We eventually got our first store open on March 13, 2008. We had no money left for any marketing or advertising, so word of mouth was all we had to keep the business alive. Social media wasn't quite a thing yet. Our most significant marketing effort was taking our logoed “COMING SOON” sign and placing a sticker with the grand opening date on the bottom. It worked because we had lines out the door from day one.

    The odds were very much stacked against us even though we were busy from the outset, and the buzz was building quickly about our brand. We didn't have staff other than two cashiers who helped work the front of the house. Fusun and Arzu were responsible for serving over 100 tickets in an hour, every day. Within two weeks, an editor from a prestigious newspaper ate at Flatbread Grill and gave us an outstanding review. From there, it became busier, which meant more work, day in and day out, and more local media inquiries. I would rush to open the restaurant, go to my college classes after the lunch rush, come back to prepare for the dinner rush, and then spend hours after closing cleaning up and washing dishes with my sisters. Life went on like this for more time than I'd like to remember. The payoff was bringing nearly $1 million in less than a year based on word of mouth only, as well as finally being able to afford health insurance for ourselves and our parents.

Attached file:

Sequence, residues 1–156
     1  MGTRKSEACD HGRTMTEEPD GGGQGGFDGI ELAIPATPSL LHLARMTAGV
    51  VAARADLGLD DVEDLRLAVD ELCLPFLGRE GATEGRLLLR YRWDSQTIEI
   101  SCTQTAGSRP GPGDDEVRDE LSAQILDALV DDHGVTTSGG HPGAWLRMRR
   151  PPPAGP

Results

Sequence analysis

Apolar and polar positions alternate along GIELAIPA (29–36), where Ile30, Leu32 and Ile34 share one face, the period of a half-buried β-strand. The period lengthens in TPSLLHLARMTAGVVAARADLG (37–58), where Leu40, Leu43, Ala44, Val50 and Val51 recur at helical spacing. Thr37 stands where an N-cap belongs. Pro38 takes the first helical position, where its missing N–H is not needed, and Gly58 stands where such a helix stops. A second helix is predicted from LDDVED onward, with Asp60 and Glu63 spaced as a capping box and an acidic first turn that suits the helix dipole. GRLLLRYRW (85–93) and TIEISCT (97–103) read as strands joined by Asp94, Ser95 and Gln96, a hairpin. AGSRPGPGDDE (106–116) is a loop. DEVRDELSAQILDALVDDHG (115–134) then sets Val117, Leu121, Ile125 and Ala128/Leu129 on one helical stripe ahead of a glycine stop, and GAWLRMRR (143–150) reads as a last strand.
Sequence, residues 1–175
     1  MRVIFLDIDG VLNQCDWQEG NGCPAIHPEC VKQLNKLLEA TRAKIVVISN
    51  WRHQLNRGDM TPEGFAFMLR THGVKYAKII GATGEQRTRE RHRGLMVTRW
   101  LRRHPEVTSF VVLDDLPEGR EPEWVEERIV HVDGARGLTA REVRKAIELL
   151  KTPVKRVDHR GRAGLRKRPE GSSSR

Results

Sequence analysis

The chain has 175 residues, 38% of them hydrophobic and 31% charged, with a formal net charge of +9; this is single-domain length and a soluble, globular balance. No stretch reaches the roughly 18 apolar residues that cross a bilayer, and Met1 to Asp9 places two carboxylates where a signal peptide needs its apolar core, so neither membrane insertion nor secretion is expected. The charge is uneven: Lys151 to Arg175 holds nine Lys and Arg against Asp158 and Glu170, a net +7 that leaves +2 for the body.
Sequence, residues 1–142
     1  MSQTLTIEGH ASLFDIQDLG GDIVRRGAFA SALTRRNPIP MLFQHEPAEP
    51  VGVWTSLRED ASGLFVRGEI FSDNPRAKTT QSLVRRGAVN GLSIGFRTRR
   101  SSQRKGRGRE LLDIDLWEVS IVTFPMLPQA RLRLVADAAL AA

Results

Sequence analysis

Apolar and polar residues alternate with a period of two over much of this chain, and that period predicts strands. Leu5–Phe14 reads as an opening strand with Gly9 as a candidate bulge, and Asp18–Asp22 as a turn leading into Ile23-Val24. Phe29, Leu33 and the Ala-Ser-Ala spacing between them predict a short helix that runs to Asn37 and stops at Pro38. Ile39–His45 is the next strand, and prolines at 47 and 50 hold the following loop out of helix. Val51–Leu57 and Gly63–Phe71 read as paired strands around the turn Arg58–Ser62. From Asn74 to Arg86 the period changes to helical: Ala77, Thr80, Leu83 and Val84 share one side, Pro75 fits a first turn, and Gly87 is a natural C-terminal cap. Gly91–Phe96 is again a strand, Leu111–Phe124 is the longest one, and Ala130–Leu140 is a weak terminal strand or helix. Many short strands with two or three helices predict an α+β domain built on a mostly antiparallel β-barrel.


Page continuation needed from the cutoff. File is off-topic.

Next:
At the height of the recession, we ran a high-volume operation at one point entirely on our own, without staff, serving hundreds of customers a day. It was back-breaking work. Everything from doing prep, inventory shopping, washing dishes by hand, and serving customers to balancing the books was entirely on our shoulders. We worked 14- to 18-hour days, seven days a week, nonstop to keep our business moving forward.

    Esendemir Sisters

    Flatbread Grill opened in 2008, in the heart of a financial crisis.